Equity in Global Health Law - Policy Brief

Kate McKenzie, Mitchell Lennan, Mark Eccleston-Turner , Michelle Rourke, Abbie-Rose Hampton, Elsa Tsioumani, Jonathan Ainslie, Catharine Titi, Gerard Porter, Harry Upton, Rebecca Williams, Sharifah Sekalala, Anthony Wenton, Emmanuel Kolawole Oke, Clare Wenham, Stephanie Switzer

Research output: Working paperDiscussion paper

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Abstract

Equity has been sorely lacking in pandemic preparedness and response, and COVID-19 is but the latest example (O’Cuinn and Switzer, 2019; Rourke, 2019). The response to COVID-19 was characterised by nationalism, inequity in access to diagnostics, vaccines, therapeutics and personal protective equipment (PPE) between the Global North and the Global South, as well as discriminatory, and in some instances racist, border closures chiefly impacting low- and middle-income countries.

In response to the widespread inequity witnessed during the COVID-19 pandemic, Member States of the World Health Organisation (WHO) are currently negotiating a new international legal instrument - the Pandemic Treaty - intended to prevent pandemics and mitigate associated inequalities such as vaccine access, and improve compliance with international law during pandemic events.

From the initial proposal for the Treaty, through the many rounds of discussions that have occurred to date, it is clear that the new instrument is intended to be grounded in equity, with equity positioned as both an objective and as an operational output (Wenham, Eccleston- Turner & Voss, 2022). However, while equity is recognised as a general principle of international law, it does not have a precise and defined meaning. From the start of negotiations, it was unclear what an instrument ‘grounded’ in equity should look like, what the principle of equity actually means in this context, and how this principle can translate into meaningful obligations within international law more generally, as well as pandemic preparedness and global health governance specifically.

In an attempt to answer these questions, we convened - with the assistance of funding from the Scottish Council for Global Affairs and the ESRC IAA Policy Impact Fund - a workshop at King’s College, London at which we gathered together experts on equity from different disciplinary backgrounds in an attempt to understand and conceptualize equity as a legal concept, charting its history, development and application within both domestic and international law.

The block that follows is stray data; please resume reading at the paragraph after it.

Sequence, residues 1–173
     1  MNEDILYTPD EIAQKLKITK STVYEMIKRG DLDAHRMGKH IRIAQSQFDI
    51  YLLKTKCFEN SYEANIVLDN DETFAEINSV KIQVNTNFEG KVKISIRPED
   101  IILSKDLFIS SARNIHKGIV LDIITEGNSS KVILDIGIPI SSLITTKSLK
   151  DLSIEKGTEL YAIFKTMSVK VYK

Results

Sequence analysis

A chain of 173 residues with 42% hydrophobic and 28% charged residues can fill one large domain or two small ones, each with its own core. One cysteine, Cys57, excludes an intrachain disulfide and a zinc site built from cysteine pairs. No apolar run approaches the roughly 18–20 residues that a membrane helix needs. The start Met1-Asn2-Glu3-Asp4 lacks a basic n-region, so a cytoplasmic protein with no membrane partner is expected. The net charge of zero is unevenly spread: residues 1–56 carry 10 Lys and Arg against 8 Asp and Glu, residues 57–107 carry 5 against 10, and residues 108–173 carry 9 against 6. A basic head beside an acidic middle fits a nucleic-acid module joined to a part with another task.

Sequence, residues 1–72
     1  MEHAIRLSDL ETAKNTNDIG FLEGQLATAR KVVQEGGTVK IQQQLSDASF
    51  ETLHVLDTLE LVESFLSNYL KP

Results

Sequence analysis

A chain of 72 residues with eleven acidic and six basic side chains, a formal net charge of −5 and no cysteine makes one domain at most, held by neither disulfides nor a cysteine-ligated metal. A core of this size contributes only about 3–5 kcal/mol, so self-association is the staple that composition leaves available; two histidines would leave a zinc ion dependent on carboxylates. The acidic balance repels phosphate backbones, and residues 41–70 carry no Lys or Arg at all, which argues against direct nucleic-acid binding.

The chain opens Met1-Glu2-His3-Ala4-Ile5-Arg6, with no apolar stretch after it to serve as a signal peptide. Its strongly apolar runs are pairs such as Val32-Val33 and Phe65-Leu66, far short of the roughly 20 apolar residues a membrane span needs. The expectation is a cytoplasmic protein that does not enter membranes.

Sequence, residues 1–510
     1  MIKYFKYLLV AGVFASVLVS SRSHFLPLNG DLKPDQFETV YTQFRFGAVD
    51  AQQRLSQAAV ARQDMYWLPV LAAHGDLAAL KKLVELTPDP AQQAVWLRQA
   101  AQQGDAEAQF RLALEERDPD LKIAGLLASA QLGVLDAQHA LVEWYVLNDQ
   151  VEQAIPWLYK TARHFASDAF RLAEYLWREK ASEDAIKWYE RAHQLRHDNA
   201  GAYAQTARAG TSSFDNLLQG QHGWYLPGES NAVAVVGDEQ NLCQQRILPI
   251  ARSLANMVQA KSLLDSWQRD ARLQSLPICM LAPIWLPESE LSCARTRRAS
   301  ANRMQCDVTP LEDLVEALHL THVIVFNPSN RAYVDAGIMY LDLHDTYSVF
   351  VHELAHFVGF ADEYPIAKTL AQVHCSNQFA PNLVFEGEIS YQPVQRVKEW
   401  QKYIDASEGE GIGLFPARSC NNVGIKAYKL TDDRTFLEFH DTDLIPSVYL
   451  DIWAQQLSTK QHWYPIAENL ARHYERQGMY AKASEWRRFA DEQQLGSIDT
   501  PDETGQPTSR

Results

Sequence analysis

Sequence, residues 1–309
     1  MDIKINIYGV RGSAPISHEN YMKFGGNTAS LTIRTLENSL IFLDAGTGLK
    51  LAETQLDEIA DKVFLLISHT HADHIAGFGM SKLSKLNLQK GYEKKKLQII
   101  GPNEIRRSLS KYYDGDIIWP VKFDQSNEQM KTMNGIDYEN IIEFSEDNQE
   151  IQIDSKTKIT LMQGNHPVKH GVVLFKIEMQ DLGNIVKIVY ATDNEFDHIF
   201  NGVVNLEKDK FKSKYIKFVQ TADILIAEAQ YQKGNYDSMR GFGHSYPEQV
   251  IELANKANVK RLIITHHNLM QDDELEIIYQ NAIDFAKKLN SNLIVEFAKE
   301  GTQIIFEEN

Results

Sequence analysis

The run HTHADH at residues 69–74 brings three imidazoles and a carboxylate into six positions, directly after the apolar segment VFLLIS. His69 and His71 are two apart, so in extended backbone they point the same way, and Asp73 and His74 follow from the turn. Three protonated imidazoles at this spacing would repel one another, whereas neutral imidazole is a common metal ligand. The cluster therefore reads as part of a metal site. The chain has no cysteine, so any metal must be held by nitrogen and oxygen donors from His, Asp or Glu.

In the following short discussion, we distill some of the lessons at this workshop from both national law as well as other international arenas, before offering suggestions on how this somewhat opaque concept might be effectively operationalised within the Pandemic Treaty. The aim of this discussion is therefore not to engage in a lengthy, academic literature review of the different conceptions of equity found in academic texts - of which there is an abundance of relevant literature - but rather to offer practical insights to the operationalisation of equity to the Pandemic Treaty. What we find is that there is no ‘one’ way to do equity or for an international agreement to be equitable. Our discussions found that equity must be more than an abstract buzzword - simply inserting the word equity into a legal text does not achieve equity. However, international law offers a number of lessons for responding to instances of inequity arising in the absence of a perfect, overarching functional definition of equity.
Original languageEnglish
Place of PublicationGlasgow
PublisherUniversity of Strathclyde
Pages1-10
Number of pages10
Publication statusPublished - 30 Jul 2023

Keywords

  • COVID-19 pandemic
  • equity
  • public health
  • national laws
  • pandemic treaties

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